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Marian Jongsma

In conversation with Marian

At the age of 53, Marian Jongsma suffered a brain haemorrhage, which marked a turning point in her life. Previously, she struggled with fears, which she tried to dampen with alcohol. 'I wanted to live, but my fears held me back. I threw the life I wanted to live into colorful embroidery.' After the brain haemorrhage she feels liberated. 'As I am now, I can now also color and embroider.'

Marian Jongsma has a great love for bright colors. Every day she creates abstract, fast drawings and slow embroideries, driven by an inner necessity. Her colorful works radiate a lot of energy and strength. Jongsma works intuitively and is guided by the color combinations that she spontaneously puts together during the first crosses with three threads of yarn. She believes that God gives her the colors.

Marian Jongsma talks to Martine Derks, visual artist, spiritual counselor, initiator of creative breeding ground SUNSET SALOON and groundbreaking modeling agency Candy Cloud.

Why do you embroider? Embroidery is not that important. Color is important. I prefer to color. I prefer to make combinations of colors that I have not seen before. It is surprising and unique every time. That gives me goosebumps like others might get when listening to a beautiful song. This exhibition also made me want to embroider again. Embroidery is the same as drawing on paper, only with fabric and thread. Embroidery takes longer. I don't like paint because it is not very precise. The tip of a felt-tip pen or needle and thread does. I like bantering.

How did you start embroidering? I started in 1996 when my child Beck was born. I did have some time left. My parents lived next door to us at the time. My mother loved to see me embroidering by the lamp as she did 's came home from her church choir in the evening. I remember how nice it was to embroider. So delicious in a circle and that circle then became smaller and smaller and smaller until it was done. Then I went to do the squares and the slashes.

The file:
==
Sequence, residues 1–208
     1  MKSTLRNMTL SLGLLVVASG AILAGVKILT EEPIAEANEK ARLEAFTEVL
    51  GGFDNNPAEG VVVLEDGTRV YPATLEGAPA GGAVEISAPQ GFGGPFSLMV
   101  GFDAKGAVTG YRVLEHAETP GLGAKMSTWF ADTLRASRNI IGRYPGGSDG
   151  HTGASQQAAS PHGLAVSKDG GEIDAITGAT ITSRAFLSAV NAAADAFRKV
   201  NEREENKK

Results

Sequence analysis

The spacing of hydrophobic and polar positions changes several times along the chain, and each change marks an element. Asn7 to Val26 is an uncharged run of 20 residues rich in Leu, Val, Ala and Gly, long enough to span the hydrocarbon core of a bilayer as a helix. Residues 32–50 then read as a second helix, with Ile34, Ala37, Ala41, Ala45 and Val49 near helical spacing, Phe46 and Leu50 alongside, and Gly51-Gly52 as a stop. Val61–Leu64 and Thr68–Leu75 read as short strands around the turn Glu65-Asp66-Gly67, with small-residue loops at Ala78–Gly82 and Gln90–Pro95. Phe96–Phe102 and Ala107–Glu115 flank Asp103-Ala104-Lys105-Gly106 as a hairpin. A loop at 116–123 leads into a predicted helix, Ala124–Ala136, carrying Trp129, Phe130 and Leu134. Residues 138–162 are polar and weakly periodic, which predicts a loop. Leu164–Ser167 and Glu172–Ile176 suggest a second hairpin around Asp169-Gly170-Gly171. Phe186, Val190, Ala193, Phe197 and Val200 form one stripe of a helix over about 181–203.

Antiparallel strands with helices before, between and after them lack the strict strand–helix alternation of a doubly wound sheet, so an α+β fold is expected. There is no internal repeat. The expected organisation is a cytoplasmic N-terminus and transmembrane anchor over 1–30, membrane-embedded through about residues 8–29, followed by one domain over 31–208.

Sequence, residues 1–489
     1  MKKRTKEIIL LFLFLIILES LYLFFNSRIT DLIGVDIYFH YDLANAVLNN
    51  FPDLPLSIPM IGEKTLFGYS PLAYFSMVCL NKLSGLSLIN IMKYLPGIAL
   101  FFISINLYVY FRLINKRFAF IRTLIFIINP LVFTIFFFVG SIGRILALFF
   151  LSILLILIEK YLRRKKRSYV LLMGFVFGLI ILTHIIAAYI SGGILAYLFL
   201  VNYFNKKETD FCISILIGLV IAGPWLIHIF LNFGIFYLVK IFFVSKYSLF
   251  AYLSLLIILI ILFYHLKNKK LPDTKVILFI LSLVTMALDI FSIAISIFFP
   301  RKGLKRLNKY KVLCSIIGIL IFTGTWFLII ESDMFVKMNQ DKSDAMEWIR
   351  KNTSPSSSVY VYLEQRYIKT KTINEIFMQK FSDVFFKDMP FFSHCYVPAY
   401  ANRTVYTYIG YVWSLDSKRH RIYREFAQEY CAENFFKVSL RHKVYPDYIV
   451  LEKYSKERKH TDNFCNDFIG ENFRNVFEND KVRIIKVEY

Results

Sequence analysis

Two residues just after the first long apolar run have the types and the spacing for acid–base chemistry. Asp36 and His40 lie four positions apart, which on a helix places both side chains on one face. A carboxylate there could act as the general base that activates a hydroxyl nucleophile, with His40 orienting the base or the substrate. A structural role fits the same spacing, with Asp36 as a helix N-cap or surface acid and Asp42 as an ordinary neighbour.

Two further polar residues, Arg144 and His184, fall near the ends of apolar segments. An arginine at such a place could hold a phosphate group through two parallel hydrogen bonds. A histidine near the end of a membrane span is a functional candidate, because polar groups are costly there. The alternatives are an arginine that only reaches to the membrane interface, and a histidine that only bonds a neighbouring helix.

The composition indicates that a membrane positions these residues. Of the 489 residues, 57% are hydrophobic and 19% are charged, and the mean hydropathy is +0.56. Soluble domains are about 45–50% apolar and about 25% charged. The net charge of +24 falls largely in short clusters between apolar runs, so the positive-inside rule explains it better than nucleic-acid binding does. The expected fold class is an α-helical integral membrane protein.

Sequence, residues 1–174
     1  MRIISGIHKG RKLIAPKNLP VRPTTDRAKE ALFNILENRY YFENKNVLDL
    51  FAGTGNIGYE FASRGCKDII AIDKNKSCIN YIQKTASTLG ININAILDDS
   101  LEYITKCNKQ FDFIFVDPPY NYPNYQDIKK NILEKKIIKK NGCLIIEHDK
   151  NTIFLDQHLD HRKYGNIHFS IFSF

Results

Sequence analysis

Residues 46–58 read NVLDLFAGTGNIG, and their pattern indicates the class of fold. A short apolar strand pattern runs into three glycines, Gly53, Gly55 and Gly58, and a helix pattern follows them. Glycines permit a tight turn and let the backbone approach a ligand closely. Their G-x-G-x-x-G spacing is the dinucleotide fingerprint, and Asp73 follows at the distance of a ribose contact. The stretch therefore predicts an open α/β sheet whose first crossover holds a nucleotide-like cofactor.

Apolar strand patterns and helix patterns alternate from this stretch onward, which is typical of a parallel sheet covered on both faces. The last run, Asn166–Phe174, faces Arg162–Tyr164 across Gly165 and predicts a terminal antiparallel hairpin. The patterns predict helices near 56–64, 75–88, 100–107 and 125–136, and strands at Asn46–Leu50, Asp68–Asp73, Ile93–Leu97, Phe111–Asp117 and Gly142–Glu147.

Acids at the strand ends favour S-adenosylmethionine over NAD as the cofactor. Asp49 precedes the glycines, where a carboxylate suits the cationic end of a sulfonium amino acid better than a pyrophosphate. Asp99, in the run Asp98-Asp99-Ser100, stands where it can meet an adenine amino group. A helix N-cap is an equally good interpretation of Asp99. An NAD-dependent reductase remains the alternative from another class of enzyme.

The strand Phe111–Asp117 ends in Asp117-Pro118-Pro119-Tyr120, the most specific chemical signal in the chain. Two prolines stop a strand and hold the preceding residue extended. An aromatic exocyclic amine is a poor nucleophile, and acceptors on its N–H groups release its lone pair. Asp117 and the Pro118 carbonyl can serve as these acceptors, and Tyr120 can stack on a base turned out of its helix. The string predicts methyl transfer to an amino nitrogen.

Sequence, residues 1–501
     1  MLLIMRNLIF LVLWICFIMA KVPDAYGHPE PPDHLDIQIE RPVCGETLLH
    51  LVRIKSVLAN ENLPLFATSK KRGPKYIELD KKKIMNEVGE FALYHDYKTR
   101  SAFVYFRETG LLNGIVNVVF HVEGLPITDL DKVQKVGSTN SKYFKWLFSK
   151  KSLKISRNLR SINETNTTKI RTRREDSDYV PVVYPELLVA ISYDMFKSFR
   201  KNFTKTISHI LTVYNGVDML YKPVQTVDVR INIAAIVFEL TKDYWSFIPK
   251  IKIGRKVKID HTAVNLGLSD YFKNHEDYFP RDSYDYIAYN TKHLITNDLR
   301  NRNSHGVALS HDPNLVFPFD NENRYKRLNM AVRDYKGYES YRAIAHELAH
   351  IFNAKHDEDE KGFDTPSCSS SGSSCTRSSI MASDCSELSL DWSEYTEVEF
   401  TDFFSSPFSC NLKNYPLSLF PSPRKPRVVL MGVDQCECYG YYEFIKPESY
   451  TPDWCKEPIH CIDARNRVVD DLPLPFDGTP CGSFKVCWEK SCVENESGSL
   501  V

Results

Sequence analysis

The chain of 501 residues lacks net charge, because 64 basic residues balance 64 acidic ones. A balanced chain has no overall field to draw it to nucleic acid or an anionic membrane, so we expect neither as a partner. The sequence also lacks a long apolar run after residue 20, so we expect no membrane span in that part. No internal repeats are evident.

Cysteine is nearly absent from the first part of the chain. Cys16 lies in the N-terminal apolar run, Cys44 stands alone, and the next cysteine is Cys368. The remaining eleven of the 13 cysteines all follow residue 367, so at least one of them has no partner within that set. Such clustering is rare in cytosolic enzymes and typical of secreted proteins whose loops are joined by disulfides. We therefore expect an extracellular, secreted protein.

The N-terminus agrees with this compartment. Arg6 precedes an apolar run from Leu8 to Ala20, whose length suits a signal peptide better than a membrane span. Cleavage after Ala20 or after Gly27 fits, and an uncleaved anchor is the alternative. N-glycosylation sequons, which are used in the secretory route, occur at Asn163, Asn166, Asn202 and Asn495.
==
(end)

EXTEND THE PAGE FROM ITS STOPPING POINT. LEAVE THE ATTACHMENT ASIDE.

The embroideries in the exhibition were created before your brain haemorrhage, at a time when your life was difficult. Yet there is enormous energy, power and color in it. I was fifty-three when I had my cerebral hemorrhage. I wasn't happy before that. I drank because I was afraid. Because I had so many fears, I felt like I was tied down. I wanted to live but I couldn't. I threw the life I wanted to live into embroidery. I still do that now, but now I live a happy life.

How do you start on an empty piece of embroidery fabric? That depends on what's in my head. Sometimes I see the center growing towards the outside. Or I see the outside growing into the inside. I have a box with ready-made wires in all kinds of colors. It's very easy: fate decides which color I embroider with. Often all I have to do is split it. I embroider with three of the six threads. Somehow the colors dissolve into each other.

 Is there something divine in your embroidery? I get the colors from the Lord Jesus, I'm sure. But if I take green twice, I say: 'That is not possible, Lord Jesus', and then I take another thread. Everything comes from above. That's nice to know. One believes and the other does not. If no one would see my embroidery, I would still do it. Making is the most important thing for me.

Interview with Marian Jongsma by Martine Derks, recorded by Kim Knoppers. Martine Derks is a visual artist, spiritual counselor, initiator of creative breeding ground SUNSET SALOON and groundbreaking modeling agency Candy Cloud. Kim Knoppers is an art historian and curator of D(R)AAD. About embroidery as protest and healing